Many EHR vendors charge extra for modules designed to export data, and this fee often becomes a kind of “severance pay” for EHR vendors. When purchasing an EHR, it is critical to request that any modules required for data exchange be included in up-front pricing. Neglecting this often ensures that you have to pay your vendor for the privilege of firing them...

Trotter, Fred; Uhlman, David (2011-10-07). Hacking Healthcare (pp. 167-168). OReilly Media - A. Kindle Edition.
That was five years ago. (I first reviewed Fred's book in March 2012). Are we still stuck largely with "Free Beer Tomorrow?" "Interoperababble?" (See all of my "Interoperababble" rants here.)

Or, are we on the cusp of a beneficent, "transformative" exponential Hockey Stick Function interop uptick?

One hopes.


OK, quick analogy (of sorts). Say you're some penny-ante geezer who comes to Vegas in flip-up shades, Hawaiian shirt, cargo shorts, sandals, and black knee socks. You play the penny slots, and maybe bet a penny on an NBA game with your friend (absurd; bear with me). Your strategy? Double your bet if you lose to get your money back.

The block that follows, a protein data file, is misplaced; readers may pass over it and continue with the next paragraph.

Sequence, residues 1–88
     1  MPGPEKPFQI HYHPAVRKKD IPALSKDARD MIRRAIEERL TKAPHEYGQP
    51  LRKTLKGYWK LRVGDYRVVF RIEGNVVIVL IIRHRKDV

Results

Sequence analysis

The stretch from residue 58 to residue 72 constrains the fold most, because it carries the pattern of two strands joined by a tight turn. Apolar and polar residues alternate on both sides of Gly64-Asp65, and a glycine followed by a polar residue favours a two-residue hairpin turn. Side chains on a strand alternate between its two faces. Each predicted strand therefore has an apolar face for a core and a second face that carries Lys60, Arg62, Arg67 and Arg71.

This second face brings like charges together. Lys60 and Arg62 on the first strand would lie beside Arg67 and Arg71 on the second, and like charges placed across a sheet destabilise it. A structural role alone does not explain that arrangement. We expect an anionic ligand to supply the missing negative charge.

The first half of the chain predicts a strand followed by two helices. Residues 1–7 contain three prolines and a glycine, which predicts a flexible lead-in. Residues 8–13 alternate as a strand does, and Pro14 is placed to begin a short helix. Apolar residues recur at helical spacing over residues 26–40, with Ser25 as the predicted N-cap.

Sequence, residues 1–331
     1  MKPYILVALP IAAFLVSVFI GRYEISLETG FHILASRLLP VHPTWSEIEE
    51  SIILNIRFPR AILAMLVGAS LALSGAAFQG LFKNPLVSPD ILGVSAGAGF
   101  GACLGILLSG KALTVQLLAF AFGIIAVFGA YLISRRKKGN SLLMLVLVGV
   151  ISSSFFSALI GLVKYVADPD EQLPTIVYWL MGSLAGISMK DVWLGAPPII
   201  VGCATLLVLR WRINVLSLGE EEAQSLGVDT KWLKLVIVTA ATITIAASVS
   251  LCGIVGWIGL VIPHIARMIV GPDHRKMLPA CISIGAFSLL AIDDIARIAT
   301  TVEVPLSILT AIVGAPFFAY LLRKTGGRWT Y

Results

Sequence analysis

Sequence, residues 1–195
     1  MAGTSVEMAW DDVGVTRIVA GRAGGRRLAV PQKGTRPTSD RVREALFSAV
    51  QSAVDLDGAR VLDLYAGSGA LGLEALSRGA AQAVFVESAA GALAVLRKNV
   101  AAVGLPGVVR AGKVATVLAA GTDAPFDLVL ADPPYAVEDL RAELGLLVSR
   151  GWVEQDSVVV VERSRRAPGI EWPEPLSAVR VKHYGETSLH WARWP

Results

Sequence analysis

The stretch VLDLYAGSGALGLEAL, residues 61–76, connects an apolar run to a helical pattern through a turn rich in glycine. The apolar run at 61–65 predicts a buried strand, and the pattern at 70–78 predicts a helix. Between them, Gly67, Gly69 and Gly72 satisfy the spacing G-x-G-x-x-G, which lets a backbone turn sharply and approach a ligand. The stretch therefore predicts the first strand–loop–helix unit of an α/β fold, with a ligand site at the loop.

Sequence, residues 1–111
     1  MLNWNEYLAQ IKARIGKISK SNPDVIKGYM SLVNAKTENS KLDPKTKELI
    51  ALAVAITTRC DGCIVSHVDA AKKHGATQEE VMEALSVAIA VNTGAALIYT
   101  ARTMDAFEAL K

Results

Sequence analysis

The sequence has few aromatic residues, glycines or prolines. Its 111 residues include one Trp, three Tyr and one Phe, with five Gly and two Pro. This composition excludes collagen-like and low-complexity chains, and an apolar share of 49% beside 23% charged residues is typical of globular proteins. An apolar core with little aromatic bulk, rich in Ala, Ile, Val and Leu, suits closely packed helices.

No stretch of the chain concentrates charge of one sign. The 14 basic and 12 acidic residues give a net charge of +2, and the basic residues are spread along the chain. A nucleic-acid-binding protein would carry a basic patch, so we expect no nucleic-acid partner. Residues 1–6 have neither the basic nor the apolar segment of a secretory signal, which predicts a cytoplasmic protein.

What would be the consequence of a 24-game losing streak? I quickly drop some stuff into an Excel sheet to illustrate.

After 12 losses you're only out about 41 bucks. No biggie. But, as you can see, the upslope really gets going thereafter. Hockey Stick neck really cranes up around loss #19. Hard to believe that final number. Don't take my word for it, screen-scrape and paste this exponential expression into Google: ".01*2^24="

Consider that the longest NBA team losing streak is 28 games (76'ers). Longest NFL losing streak, 26 games (Tampa Bay). Consider had you started out wagering not with a penny, but $100.


I used to play street hoops in Vegas at a NW side city park with these low-life degenerate sports book gambler dudes (the ones who weren't in iterative jail repose at the time). This guy "Doc" explained his "double-down" M.O. to me. I thought, "yeah, bro', that's why you're habitually on the verge of being homeless."

So (flipping the analogy from losses to wins), in terms of significant interop progress, maybe we're getting close to the Hockey Stick neck.

One hopes.

More to come...